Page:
Yahoo’s Sean Suchter Switches Sides, To Head Microsoft Search Efforts In Silicon Valley
News came out yesterday on Valleywag about Yahoo vice president Sean Suchter leaving the company and heading to Microsoft. To do what? Sean had told me privately on Tuesday, and I’d been waiting to get an official heads-up to say more. But AllThingsD now has the formal news: to be general manager of Microsoft’s Silicon […]
News came out yesterday on Valleywag about Yahoo vice president Sean Suchter leaving the company and heading to Microsoft. To do what? Sean had told me privately on Tuesday, and I’d been waiting to get an official heads-up to say more. But AllThingsD now has the formal news: to be general manager of Microsoft’s Silicon Valley Search Technology Center.
Sean’s a huge search vet, coming to Yahoo itself via the Inktomi acquisition. Old timers remember Inktomi as one of the earliest search engines out there.
His departure has apparently hurt Yahoo morale — the internal email about that Valleywag published said:
Some of you will find this news shocking given that Sean has been a Gibraltar rock at Yahoo and in particular for the Search team. . I understand this.
The move also underscores the idea that Microsoft is simply going to steal away the engineers it once said were a core reason behind its purchase of Yahoo. Why it just didn’t start stealing them before going through the entire acquisition mess is behind me. When we asked back then, they just really dodged answering.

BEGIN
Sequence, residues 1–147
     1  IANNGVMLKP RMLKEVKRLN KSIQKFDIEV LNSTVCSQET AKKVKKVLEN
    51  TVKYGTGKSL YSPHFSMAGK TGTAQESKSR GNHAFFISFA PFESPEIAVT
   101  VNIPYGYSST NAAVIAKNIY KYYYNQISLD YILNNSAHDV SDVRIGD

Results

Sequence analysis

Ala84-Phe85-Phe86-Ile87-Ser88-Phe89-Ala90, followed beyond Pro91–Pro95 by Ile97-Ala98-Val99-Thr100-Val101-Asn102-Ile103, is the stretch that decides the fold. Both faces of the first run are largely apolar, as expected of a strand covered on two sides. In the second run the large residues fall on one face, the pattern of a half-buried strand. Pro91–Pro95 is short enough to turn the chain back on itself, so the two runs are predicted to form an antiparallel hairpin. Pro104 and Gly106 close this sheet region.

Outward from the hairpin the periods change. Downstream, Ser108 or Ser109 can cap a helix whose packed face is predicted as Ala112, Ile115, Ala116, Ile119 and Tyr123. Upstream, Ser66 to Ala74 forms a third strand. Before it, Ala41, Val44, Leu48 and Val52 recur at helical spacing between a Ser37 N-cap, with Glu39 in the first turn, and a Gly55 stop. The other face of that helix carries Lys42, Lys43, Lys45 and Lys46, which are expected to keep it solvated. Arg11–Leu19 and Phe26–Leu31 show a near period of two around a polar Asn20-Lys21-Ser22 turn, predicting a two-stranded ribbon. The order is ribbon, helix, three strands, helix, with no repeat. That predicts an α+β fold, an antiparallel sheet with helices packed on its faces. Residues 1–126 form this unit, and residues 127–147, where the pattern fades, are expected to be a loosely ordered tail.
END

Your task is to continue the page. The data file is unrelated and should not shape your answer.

Having a great engineering team doesn’t mean success, however. Microsoft challenge still remains daunting. Google is a habit for many. Giveways like new cars or cash rebates have yet to make any noticeable change in that habit and build share.
Distribution deals like with Sun and next year with HP may help. But personally, I think Microsoft will be in for an incredibly long uphill battle. I think that while Yahoo’s marketshare might fall, it is far from hitting its terminal velocity level that dying search engines hit. Indeed, it still has far better brand recognition that Microsoft Windows Live.
Yahoo CEO Jerry Yang might be the punching bag in the search space right now, but make no mistake. If Microsoft doesn’t seriously budge its search share by this time next year, people are going to be questioning whether it was Microsoft that should have gotten out of search (for all the money it has and continues to put into it) and perhaps outsourced to Yahoo.
For more, see discussion on Techmeme.